The Bike Ride ~ A Study on the Differences Between Me and My Husband


Recently, my husband, Neal, and I decided we wanted to ride our bikes around Fayetteville Lake. Sounded nice. A pleasant afternoon together, peddling along, enjoying nature. Or at least that is what I had in mind.

We loaded our bikes, helmets, water bottles, and got in the car. Then Neal turned to me with this huge, aggressive smile. He waggled his eyebrows and down and he said, “Ready to put on some miles?”


Then I got it. Mr. Testosterone had a goal. To eat up as many miles as he could and put the proverbial notch of achievement on his scorecard. Meantime, me, Mrs. Estrogen, wanted to see nature, smell the perfumed air, feel the breeze on her face, smile at passersby – hey, maybe even stop and strike up a conversation. Pat a few puppies on the head.

When we arrived at the park and geared up. I told Mr. T to go on and try to beat his record. After a quick peck on the cheek, he sped off in a flash.

I peddled at my leisure, savored the honeysuckle and wild rose fragranced breeze, admired splashes of purple, white, pink, and yellow on green fields. Lizards raced across the path, turtles retreated in their shells. I smiled at the people jogging past me and felt sorry for them because they all had ear-buds in their ears and missed the music lustfully given by the choirs of birds above us.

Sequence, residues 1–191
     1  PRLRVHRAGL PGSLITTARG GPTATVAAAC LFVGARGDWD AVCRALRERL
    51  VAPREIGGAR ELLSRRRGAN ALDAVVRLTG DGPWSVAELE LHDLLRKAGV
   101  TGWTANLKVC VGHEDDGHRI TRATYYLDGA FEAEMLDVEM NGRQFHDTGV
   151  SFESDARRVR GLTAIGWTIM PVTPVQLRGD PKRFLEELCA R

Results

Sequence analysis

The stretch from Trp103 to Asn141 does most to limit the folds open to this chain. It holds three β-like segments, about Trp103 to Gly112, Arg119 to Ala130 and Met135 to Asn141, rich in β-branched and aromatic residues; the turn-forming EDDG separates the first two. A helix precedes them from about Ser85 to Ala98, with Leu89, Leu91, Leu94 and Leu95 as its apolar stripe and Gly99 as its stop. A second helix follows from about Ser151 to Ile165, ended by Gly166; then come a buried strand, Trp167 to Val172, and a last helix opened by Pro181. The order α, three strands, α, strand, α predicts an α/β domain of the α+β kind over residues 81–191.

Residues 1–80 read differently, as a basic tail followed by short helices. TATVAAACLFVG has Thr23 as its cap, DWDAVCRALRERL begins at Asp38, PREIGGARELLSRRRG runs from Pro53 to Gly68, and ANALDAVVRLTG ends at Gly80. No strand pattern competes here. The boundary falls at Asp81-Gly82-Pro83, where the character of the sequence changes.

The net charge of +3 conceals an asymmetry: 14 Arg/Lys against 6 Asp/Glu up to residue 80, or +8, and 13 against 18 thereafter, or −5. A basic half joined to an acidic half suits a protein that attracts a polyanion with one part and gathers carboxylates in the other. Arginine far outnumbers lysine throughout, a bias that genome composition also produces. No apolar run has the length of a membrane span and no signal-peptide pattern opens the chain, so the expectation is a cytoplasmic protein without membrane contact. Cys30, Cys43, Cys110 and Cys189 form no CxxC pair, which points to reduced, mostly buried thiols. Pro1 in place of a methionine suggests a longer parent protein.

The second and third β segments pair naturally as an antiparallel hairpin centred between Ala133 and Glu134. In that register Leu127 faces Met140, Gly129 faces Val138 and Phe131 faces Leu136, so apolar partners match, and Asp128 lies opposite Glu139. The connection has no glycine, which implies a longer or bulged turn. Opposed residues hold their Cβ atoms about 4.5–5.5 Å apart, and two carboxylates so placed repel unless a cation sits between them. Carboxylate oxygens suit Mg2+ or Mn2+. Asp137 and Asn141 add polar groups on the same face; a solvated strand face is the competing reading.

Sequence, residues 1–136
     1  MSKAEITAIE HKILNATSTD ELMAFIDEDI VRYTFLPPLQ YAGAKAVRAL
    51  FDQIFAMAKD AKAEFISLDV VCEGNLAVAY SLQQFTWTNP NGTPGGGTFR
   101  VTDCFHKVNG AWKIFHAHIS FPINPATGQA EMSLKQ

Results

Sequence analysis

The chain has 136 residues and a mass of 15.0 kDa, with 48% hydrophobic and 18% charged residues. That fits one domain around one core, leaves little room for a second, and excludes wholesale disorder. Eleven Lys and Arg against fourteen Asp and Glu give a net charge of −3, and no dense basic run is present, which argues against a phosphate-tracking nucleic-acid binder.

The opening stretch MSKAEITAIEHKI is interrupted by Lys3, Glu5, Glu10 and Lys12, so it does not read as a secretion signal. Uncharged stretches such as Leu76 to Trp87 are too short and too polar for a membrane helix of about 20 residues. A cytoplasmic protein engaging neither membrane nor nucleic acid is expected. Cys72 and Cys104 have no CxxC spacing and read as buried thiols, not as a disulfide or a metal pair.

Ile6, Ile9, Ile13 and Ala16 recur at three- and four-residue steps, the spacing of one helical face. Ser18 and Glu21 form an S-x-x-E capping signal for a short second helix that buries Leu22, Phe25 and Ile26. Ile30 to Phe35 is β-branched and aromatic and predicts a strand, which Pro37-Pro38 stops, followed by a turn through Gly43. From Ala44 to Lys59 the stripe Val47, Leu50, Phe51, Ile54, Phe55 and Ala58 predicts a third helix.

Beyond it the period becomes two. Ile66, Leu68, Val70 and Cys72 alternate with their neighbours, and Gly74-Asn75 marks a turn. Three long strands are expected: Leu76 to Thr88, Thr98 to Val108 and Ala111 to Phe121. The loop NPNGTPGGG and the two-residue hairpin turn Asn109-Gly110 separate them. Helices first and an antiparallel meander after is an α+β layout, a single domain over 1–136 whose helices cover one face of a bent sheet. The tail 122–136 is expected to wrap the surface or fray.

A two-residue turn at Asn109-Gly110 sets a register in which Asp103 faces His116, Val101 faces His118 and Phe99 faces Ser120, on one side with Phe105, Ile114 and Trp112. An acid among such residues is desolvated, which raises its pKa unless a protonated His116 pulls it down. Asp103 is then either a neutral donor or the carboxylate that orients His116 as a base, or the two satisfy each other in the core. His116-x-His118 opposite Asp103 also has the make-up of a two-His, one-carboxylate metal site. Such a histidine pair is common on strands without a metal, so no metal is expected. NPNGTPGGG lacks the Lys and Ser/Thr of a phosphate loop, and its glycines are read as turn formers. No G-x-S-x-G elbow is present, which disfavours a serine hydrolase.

Neal streaked past me and I had to smile. He’d just gone six miles and was working on his next six. To each his or her own. Neal had a blast conquering the road. I had a blast letting the path take me where it wanted and showing off all the sights that surrounded it.

All in all, we had a very good time even though we approached our outing very differently. After years of marriage Neal and I understand and appreciate our differences instead of expecting the other to conform to the our preferences. And that makes for good days indeed!




Get A Goal

“I can’t change the direction of the wind, but I can adjust my sails to always reach my destination.” ~ Jimmy Dean

For most of us, January 1 is like a clean slate, an opportunity to start over, and permission to try again. Oprah Winfrey says it best, “Cheers to a new year and another chance to get it right.” But as I wrote in last year’s blog, where we shoot ourselves in the foot is by making resolutions instead of goals.


Resolutions are determined thoughts that weaken over the months. They lose their freshness. Then life takes over and chokes our good intentions for the remainder of the year and our gasping resolutions hold on to enough life to make us feel guilty because we have failed—again.

Goals are the groundwork to a plan. They give structure and support. How fast or slow the plan works doesn’t change the goal. We just keep moving toward it, even if it isn’t accomplished in a year.

 What makes a strong goal? Here are a few of my thoughts: